So, succumbed to the latest Bundle of Holding and picked up Pelgrane Press’s Hillfolk, the RPG that bills itself as having play like an HBO original series.
The base setting for Hillfolk is an early Iron Age tribe. I thought we were talking about the late European Iron Age, until I saw pg. 68, which is a map of the area.
Hillfolk’s hills, if I’m not mistaken, are the Judean hills, with the Jordan River to the east and the Mediterranean Sea to the west. Given that I’ve spent more time than I’ve cared to puzzling over Israeli road maps, I’m pretty sure I’m not mistaken (also it says it’s the 10th Century Levant two pages later).
I’m actually a little disappointed by this, because the instructions around this map are to make the area abstract and suited to whatever story you want to tell, which is great, but the Levantine early iron age was actually super-interesting, with all sorts of amazing cultural and religious details, but unless I’m a super-nudgy GM who demands them in despite the opposition of my players those details will never get included.
Otherwise, I like the system and look forward to trying it out. I also think running the underlying mechanics would be good for my “Eleanor Roosevelt’s Commandos” setting.
So, instead of blogging, or doing anything else I’ve been promising to do, I’ve been playing the free-to-play game Card Hunter by the Blue Manchu studio. It’s ridiculously addictive.
It’s a “collectible card” computer game, but with the conceit that you’re playing something strangely similar to but clearly not using any licensed trademarks of Dungeons & Dragons, somewhere between 1st and 2nd Edition. Lots of moving little people on grid mats while a geeky teen in a cape tells you you’re in the lair of the kobold king or whatever.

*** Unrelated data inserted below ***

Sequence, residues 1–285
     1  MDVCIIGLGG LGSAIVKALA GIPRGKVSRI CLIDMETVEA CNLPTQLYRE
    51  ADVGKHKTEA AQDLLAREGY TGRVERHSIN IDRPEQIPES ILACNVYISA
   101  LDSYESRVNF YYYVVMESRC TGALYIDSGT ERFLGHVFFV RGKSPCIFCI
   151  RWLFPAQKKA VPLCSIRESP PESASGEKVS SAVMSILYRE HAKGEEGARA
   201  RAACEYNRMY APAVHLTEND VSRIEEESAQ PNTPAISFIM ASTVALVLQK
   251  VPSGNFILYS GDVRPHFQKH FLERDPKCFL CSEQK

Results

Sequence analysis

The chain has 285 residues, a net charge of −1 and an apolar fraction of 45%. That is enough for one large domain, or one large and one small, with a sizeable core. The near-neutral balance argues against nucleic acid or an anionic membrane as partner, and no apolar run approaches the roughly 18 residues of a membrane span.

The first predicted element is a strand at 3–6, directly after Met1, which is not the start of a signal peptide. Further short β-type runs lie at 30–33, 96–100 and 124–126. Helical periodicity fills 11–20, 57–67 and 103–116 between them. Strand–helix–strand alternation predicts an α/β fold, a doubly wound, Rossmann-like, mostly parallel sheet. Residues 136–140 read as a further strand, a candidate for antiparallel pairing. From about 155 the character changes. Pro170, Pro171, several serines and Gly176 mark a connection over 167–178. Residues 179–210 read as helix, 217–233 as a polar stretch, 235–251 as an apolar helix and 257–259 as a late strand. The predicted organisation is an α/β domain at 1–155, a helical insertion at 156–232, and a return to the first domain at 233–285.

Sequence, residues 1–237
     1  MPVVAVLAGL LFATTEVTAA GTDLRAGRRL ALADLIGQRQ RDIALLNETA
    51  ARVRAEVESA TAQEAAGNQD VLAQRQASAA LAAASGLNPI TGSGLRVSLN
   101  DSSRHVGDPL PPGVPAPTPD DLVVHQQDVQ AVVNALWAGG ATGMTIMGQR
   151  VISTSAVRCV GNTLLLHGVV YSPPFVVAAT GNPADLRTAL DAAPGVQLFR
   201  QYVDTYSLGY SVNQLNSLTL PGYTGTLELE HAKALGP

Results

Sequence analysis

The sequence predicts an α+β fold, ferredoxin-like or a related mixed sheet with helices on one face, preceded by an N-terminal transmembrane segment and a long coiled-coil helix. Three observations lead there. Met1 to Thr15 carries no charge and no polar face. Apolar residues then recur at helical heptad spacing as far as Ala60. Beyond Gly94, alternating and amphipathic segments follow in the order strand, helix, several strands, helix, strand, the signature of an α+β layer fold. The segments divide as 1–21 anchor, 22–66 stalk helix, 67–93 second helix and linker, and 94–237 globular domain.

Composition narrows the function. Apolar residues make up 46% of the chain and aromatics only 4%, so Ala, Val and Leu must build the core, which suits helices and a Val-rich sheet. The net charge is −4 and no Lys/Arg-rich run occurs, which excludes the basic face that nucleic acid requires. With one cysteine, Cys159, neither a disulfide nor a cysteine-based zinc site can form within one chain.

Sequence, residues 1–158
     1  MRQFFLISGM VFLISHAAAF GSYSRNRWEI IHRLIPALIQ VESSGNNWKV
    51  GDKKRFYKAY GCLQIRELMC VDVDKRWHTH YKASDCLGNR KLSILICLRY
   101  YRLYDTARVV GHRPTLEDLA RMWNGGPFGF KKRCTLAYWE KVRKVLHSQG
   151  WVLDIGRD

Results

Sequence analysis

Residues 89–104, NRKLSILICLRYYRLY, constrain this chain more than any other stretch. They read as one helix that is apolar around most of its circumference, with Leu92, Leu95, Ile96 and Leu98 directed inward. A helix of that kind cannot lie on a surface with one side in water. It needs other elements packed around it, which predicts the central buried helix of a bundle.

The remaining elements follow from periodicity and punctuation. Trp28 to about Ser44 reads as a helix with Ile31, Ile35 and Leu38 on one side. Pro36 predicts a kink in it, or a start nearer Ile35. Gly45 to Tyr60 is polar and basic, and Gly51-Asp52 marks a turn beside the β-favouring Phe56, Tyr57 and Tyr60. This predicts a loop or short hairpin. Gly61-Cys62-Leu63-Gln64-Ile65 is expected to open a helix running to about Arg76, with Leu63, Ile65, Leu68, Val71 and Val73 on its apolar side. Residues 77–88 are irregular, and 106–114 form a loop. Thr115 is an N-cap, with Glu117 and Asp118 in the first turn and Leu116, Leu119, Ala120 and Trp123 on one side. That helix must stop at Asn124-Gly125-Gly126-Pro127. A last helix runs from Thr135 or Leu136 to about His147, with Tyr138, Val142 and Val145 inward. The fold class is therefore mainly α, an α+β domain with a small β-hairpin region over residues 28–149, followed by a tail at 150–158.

As it sounds, the game doesn’t take its setting that seriously, although each battle does have a lovingly-rendered fake D&D module cover and chapter page to set the flavor of the next encounter.
As for the battles themselves, they’re fun. Each item equipped on one of your three characters grants them a number of cards to play with, which are randomly drawn each turn, so you either are chasing baddies around the board hoping to use your attack cards, running away from baddies hoping you’ll draw some attack cards, or just wondering why you equipped that weird item in the first place because these cards are effing useless. It’s all in good fun.
So, if you want to suck up all your time in a free-to-play game, and the Kim Kardashian game doesn’t do it for you (playing that I somehow ended up with an albino lesbian character who dressed like a Forever 21 clearance rack threw up on her), Card Hunter is worth a try.
Below the fold is the summary of social statuses, professions, and factions in Clockwork & Chivalry, as I promised in my Nobilis post. I handed it out to my players so I could help everyone generate a character at the same time with some speed, as opposed to having everyone sit with a book.